This past spring, Groves, who didn’t play a down for the Gamecocks, was moved from cornerback to safety. Twice in his career, Groves was named to the SEC Fall Academic Honor Roll.

Four-star 2017 QB Kellen Mond, an ex-Baylor commit, verbals to A&M

COLLEGE STATION, TX - OCTOBER 31: Texas A&M Aggies mascot Reveille runs onto the field before a NCAA football game against the South Carolina Gamecocks at Kyle Field on October 31, 2015 in College Station, Texas. (Photo by Eric Christian Smith/Getty Images)
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Baylor’s recruiting loss will turn into another football program’s gain.  Again.

On his Twitter account Monday, 2017 quarterback prospect Kellen Mond announced that he has decided to verbally commit to play his college football at Texas A&M.  Mond had been considered the crown jewel of Baylor’s 2017 recruiting class after committing to the Bears in the summer of 2015, but opted to decommit less than a week after Art Briles was dismissed as BU’s head football coach.

Shortly after decommitting from Baylor, Mond announced a new Top 3: Auburn, Ohio State and A&M.  Those schools were listed in his order of preference at that moment, although the Aggies were, obviously, able to make up ground on the other two.

Mond visited College Station earlier this month, and, coupled with the Buckeyes landing a verbal from five-star quarterback Tate Martell — a former A&M commit, incidentally — had seemingly pared his choices down to the Tigers and Aggies.  According to his tweeted announcement, A&M’s “tradition of excellence,” along with the coaching staff, led him to his latest commitment.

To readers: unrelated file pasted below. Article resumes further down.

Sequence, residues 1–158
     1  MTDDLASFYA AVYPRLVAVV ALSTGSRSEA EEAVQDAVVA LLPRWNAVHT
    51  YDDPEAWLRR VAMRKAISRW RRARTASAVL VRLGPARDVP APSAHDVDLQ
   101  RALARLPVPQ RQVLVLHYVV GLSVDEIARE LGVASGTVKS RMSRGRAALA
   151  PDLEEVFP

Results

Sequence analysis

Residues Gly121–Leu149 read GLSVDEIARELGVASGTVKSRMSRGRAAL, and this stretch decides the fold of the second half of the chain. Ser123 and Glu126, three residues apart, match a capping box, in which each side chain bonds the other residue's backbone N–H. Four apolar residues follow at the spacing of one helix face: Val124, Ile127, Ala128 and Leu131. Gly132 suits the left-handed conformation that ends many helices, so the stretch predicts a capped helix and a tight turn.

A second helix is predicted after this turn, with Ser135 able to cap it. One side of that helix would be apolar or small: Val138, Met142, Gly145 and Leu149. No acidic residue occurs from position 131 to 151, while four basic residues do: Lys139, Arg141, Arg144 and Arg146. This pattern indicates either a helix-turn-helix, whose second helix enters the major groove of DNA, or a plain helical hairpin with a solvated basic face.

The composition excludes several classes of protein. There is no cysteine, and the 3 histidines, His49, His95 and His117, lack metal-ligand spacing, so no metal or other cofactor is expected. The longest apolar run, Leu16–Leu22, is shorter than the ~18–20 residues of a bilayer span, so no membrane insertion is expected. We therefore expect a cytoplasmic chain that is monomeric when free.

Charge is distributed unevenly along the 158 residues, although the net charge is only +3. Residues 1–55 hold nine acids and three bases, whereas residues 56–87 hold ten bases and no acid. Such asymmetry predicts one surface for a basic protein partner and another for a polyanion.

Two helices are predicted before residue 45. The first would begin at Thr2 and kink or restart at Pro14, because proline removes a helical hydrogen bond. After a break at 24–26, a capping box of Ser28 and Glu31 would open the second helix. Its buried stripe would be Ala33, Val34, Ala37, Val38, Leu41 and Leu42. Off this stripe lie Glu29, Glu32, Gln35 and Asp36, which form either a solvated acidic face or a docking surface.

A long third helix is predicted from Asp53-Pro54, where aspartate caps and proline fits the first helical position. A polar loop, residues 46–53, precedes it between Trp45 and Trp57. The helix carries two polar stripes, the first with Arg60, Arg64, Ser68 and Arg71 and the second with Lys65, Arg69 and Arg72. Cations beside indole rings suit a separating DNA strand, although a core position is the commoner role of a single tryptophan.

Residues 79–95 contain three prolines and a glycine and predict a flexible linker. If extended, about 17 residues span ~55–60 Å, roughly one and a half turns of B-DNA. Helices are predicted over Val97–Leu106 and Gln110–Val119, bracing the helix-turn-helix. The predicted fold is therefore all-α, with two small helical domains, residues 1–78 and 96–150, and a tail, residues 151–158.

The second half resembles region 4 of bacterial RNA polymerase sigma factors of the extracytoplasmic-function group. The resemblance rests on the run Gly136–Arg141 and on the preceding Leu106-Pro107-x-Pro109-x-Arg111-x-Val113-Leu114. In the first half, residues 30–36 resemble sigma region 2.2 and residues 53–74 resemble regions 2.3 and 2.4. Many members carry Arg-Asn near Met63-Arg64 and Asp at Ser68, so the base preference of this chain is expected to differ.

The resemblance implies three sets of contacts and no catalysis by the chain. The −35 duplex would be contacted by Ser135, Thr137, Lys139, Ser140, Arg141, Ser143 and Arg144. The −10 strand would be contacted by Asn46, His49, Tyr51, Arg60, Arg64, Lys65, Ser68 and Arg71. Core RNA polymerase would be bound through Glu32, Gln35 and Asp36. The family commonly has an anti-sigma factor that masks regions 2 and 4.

Mond, a Texas native who is playing his senior season at the IMG Academy in Bradenton, Fla., is rated as a four-star prospect on 247Sports.com‘s composite board. That recruiting website rates him as the No. 4 dual-threat quarterback in the country and the No. 103 player overall.

Pitt joins trend of stadium-wide beer sales for football games

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Ohio State announced earlier this month that it would be offering cold beers to all of-age fans during football games this fall in The ‘Shoe.  A couple of weeks later, a fellow FBS member to the east has followed suit.

As part of its press release on new fan initiatives for the 2016 season, Pittsburgh announced that beer will be sold stadium-wide throughout Heinz Field this upcoming football season.  Prior to this season, alcohol sales were only permitted to those ticket holders in the club and suite sections of the stadium.

The first opportunity for fans to take advantage of the new policy is the home opener against Villanova Sept. 3.  The ACC opener Oct. 8 against Georgia Tech.

From the press release:

The expansion of this amenity will coincide with the implementation of appropriate safety measures for Pitt game days, ensuring the continuation of a fan and family friendly environment for all. (Such measures are already in place for Steelers home games. Aramark, Heinz Field’s official food and beverage concessionaire, provides comprehensive staff training in the sale of alcohol.) A portion of the funds from beer sales proceeds will be dedicated to drug and alcohol education programs for the overall student body through Pitt’s Division of Student Affairs.

According to the Pittsburgh Post-Gazette, there are now nine Power Five members with a similar beer policy for football games.  One of the nine is West Virginia, with the Post-Gazette writing that athletic director Scott Barnes cited data from WVU “suggesting that beer sales in the stadium could actually cut down on alcohol-related incidents.”

Houston’s Howard Wilson granted medical hardship waiver

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Not surprisingly, one member of Houston’s secondary will get back the time he lost last season.

According to a press release from the Houston sports information department, Howard Wilson has been granted a medical hardship waiver for the 2015 season. Wilson sustained a season-ending torn ACL in the third game of 2015, making the decision to grant the waiver a no-brainer.

The waiver will extend Wilson’s eligibility clock through the 2018 season, and makes him a redshirt sophomore for the upcoming season.

As a true freshman in 2014, Wilson played in all 13 games, starting one of those contests. He had three interceptions that season.

Prior to his injury, he started the first three games of last season. He’s projected to start at one of the corner spots for the Cougars entering summer camp.